Why Wouldn’t You Jaywalk in Boston?

The action carries a fine…of $1.

Tuesday on Twitter, the popular account @WhattheFFacts (as the name implies, it regularly tweets out facts that make you say “What the F”) reminded us of one of the stranger truths about Boston:

Actually, the jaywalking fine is statewide. The Massachusetts General Laws Chapter 90, Section 18A states that municipalities can fine pedestrians who break jaywalking rules “by a fine of one dollar for the first, second or third such offense … and by a fine of two dollars for the fourth or subsequent such offense so committed in such calendar year.”

That’s right. Get caught jaywalking four times and you’ll have to shell out two whole dollars. But it’s unlikely you’re going to get stopped that frequently. In fact, it’s unlikely you’ll get stopped even once. It would likely cost communities more to process your violation than you would pay them in fines.

Why is it so cheap? Hard to say, but it seems that communities set the fine at $1 when it was a more substantial slap on the wrist, and they just haven’t raised it since. In the 1960s, Cambridge had a public education campaign to tell residents that they would begin enforcing the $1 fine, suggesting people might actually have cared. Now, the public might be a little irked to see the fine raised. According to the Boston Globe, only 12 percent of pedestrians obey “Walk” signals at crosswalks. We’re all jaywalkers here.

Meanwhile, cars that don’t stop for a pedestrian in a crosswalk are subject to a $200 fine. Given how much car drivers complain about scofflaw cyclists, you think they’d have a bit more umbrage about all this. But, of course, there exists a higher law than the Massachusetts General Code: the law of physics. In that realm, punishments for an errant jaywalker who gets hit by a car are generally much graver than the punishment for the driver who hits a pedestrian.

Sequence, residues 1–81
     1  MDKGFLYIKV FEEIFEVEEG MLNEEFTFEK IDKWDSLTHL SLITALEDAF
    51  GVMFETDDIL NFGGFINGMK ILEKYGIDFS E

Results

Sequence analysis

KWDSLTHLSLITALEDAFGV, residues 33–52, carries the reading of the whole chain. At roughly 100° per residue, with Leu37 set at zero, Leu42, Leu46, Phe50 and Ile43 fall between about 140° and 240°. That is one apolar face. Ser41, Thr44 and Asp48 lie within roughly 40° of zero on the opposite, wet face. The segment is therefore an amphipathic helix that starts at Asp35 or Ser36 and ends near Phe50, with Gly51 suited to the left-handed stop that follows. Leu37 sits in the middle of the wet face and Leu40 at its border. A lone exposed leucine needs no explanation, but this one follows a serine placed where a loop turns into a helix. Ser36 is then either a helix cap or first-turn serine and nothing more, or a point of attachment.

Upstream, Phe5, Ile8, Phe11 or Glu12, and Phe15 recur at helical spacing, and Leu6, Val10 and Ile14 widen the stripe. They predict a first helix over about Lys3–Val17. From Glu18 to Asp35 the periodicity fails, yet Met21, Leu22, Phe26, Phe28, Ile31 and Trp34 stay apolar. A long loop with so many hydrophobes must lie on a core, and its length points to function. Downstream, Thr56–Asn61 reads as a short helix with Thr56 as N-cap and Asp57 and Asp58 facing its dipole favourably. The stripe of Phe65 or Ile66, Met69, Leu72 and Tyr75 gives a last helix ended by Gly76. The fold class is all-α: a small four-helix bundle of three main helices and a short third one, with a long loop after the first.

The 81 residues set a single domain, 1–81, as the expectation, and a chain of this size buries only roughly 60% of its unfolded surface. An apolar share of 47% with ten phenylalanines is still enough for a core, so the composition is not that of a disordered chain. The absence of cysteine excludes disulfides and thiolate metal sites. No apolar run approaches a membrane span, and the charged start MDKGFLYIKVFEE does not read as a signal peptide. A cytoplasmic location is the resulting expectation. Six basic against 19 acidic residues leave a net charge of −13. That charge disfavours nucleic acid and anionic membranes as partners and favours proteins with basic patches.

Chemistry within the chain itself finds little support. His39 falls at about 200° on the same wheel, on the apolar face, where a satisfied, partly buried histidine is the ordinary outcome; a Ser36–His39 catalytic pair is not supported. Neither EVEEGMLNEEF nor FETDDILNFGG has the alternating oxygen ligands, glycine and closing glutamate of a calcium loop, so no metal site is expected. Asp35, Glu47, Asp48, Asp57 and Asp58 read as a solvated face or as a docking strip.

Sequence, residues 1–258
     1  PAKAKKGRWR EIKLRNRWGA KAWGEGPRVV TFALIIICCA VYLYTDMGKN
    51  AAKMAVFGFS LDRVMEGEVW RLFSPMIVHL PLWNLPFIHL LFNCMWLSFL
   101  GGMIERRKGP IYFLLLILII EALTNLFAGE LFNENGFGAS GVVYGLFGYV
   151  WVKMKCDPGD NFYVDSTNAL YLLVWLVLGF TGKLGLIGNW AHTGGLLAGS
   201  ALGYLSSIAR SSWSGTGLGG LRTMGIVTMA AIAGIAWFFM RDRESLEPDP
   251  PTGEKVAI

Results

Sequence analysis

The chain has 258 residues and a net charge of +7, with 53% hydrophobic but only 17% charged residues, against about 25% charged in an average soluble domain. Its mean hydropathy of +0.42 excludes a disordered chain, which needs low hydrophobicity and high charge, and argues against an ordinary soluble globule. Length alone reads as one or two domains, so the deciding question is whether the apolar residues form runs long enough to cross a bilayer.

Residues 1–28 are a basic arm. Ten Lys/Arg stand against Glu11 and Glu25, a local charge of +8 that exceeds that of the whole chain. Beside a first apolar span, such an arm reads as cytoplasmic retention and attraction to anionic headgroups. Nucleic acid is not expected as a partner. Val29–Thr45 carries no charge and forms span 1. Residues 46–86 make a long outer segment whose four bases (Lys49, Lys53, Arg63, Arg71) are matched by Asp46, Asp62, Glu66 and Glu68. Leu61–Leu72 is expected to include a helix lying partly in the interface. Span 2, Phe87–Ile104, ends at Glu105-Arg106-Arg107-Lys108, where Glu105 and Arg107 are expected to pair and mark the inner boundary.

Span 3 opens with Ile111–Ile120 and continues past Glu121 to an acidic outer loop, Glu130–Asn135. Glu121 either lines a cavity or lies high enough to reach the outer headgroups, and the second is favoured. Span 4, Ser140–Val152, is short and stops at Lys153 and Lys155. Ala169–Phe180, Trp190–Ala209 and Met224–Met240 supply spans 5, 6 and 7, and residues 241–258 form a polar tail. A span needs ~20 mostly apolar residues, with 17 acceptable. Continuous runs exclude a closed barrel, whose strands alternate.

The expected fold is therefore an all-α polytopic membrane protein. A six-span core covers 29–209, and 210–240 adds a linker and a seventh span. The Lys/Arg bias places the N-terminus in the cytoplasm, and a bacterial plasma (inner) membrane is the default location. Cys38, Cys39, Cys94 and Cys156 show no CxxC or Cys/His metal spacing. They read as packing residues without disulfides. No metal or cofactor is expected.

Nevertheless, Boston residents seem to embrace the practice wholeheartedly, it’s as if we invented jaywalking. And actually, in a way, we did. The Boston Globe reported that the term might have gained popularity right here:

“The Bostonian . . . has reduced a pedestrian who crosses streets in disregard of traffic signals to the compact `jaywalker,’ ” reads a 1917 Harper’s Magazine article, according to Random House’s dictionary division. Back then the word jay was used to describe someone who was unsophisticated, naive, or foolish something we still might call a jaywalker today.

Unsophisticated, naive, foolish…perhaps. But one thing we won’t say about them is that they’re taking a big financial risk by crossing the street where they will.

  • Oddjob

    I would pay more attention to crossing signals if their timing was consistently related to when the signals for cars actually change. In my daily walk to work I cross one street where there’s a 30-second gap between when cars get the red light and I get the walk signal, another where there’s no delay, and a couple in between. In the face of unpredictable signals, it’s every man for himself. I pity tourists, who probably expect there to be some sense to the engineering.

  • Pedestrian Error

    When only 12% of motorists comply with a traffic control device, engineers change it. What we really need to be asking is why our society gives so little consideration and respect to pedestrians.

  • Pedestrian Error

    Also what percent of Boston pedestrian crash victims are struck by a motorist who failed to yield when they were in a crosswalk with the right of way? This typically accounts for 70+% of pedestrian crashes in dense urban environments. It’s not hard to figure out why pedestrians are reticent to comply with rules that put them at risk.